I had some birthday left over so I put it towards buying a much needed new scanner. I bought the Epson Photo Perfection 4490 which is designed to scan negatives and slides including 120/220 (such as used in Holga and my old vintage cameras).
I was also hoping it would prove to be better with scanning my drawings where watercolour can sometimes get a bit lost in the scan, as well as with scanning my small acrylic canvas paintings with a view to producing prints in the future.
My old scanner is a pretty ordinary home scanner that came in a bundle with a PC purchased in around 2001. It’s a Visioneer and has done good service. Like so many things it’s not until I scanned some drawings with the new scanner that I realised just what I’ve been missing!
Here’s a drawing from the old scanner on one of it’s off moments where it added a green hue across the the page:
And here’s the same drawing scanned using the Epson 4490:
I also scanned Nap Attack with the old scanner at 300 resolution into Photoshop and then resized and saved:
Then with the Epson 4490 at 300 resolution (with all other settings as default out of the box) as a TIFF, then resized and saved as a JPEG:
The Epson 4490 is obviously a far superior scanner. As well as the quality of the scan it’s much more adjustable allowing you to tweak all sorts of fancy settings to get the capture right rather than having to rely on editing in software like Photoshop. It’s fast, it’s a lot quieter and you capture scans in a variety of fomarts avoiding compression and image degrading issues.
The downside is out of the box that whilst it captures a lot more of the watercolour colours it’s a little bit too heavy on the contrast. It also is trying to make my cream paper white (bless it). And it shows up everything bit of fluff, cat hair or dust that floats onto the page or scanner bed and every curve and grain of the page. Perhaps a little too perfect? But the contrast is something that can be adjusted if I learn once I’ve learnt what all the twizzling settings do.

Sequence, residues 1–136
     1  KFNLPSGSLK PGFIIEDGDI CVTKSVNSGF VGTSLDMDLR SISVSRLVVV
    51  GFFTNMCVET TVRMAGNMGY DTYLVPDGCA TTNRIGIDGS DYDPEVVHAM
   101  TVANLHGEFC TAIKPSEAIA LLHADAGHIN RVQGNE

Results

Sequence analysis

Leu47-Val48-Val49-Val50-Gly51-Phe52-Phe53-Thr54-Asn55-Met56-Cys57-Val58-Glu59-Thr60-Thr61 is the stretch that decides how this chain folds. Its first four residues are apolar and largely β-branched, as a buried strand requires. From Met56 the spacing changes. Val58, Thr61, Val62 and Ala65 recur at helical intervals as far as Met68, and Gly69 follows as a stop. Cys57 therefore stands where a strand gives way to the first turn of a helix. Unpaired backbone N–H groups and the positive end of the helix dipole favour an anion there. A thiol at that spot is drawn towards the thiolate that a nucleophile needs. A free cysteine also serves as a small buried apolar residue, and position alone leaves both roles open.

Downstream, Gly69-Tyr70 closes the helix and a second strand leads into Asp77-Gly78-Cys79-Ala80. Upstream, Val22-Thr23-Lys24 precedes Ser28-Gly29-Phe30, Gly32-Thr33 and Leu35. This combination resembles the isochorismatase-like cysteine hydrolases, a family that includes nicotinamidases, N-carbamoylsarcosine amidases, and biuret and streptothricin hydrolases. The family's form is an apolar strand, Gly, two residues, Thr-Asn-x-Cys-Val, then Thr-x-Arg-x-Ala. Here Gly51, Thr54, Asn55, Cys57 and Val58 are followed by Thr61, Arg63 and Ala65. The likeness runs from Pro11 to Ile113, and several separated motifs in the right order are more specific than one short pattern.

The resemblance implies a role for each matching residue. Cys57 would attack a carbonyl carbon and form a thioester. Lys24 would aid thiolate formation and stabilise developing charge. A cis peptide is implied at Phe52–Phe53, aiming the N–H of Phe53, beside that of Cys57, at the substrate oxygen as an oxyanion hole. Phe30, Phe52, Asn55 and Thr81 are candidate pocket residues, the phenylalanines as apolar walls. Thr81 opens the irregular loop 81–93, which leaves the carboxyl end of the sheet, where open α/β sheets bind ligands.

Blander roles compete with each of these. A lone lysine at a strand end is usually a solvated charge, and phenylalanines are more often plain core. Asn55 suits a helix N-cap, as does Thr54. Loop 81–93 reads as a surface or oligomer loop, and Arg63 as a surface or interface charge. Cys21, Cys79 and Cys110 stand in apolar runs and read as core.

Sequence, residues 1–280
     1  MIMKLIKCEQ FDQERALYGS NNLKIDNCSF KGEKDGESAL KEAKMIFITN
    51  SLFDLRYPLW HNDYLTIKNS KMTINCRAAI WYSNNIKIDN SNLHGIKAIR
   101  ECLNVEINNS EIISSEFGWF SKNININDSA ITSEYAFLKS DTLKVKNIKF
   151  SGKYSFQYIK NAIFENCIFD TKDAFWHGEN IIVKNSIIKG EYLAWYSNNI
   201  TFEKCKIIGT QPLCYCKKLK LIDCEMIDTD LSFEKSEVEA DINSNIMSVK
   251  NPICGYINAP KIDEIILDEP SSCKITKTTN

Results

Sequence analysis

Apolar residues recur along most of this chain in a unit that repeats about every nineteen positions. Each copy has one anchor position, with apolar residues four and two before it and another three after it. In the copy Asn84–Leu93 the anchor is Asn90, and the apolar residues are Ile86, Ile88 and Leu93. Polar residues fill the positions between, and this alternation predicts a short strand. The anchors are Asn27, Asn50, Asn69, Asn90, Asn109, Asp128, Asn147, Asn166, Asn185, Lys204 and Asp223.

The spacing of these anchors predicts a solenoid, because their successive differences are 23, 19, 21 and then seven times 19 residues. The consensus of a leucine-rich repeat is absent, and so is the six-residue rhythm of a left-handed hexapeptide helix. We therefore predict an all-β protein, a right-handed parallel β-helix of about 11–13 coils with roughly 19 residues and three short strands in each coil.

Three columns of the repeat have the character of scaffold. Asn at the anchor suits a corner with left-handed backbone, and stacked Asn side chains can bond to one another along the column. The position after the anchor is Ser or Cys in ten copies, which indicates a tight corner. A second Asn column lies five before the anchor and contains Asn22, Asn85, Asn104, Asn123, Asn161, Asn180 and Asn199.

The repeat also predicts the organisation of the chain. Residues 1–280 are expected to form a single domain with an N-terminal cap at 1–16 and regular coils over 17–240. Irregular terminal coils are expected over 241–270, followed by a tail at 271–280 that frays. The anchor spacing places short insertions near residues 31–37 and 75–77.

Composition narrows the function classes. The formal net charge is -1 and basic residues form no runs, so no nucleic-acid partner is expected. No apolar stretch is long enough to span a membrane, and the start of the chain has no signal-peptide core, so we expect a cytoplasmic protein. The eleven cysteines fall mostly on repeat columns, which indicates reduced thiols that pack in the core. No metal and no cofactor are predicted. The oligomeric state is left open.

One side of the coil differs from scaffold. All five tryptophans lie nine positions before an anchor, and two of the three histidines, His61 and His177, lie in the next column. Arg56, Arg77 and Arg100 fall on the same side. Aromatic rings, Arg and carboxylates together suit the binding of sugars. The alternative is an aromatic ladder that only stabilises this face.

I’ve also scanned my paintings on canvas which also has worked really well. I can’t demonstrate the results at the moment but it’s done a great job of getting pretty much all the colours looking really good. It’s difficult using a screen to know for sure how colours will scan and then print. But I know my old scanner had terrible trouble capturing the aqua green/blue on the background of Big Fat Penguin of Determination but the Epson 4490 captured it really well.
The only one that looked a bit off was one of my new ones (not yet blogged!) where the red came up a little dark. But easily fixed.
All in all I’m really pleased with the Epson 4490 and I haven’t even got round to scanning any negatives yet!
Anyone tempted to part with their money … I bought mine off Amazon where, having watched the price fluctuate over the last year from £150 to £99 I managed to buy it for £116 including free delivery. Don’t forget that Amazon operate a (little advertised) price match where if the price of an item you bought off them drops within 30 days of purchase they will refund the difference.
You can also buy it direct from Epson for £150 (although the other day they had it on special at £130).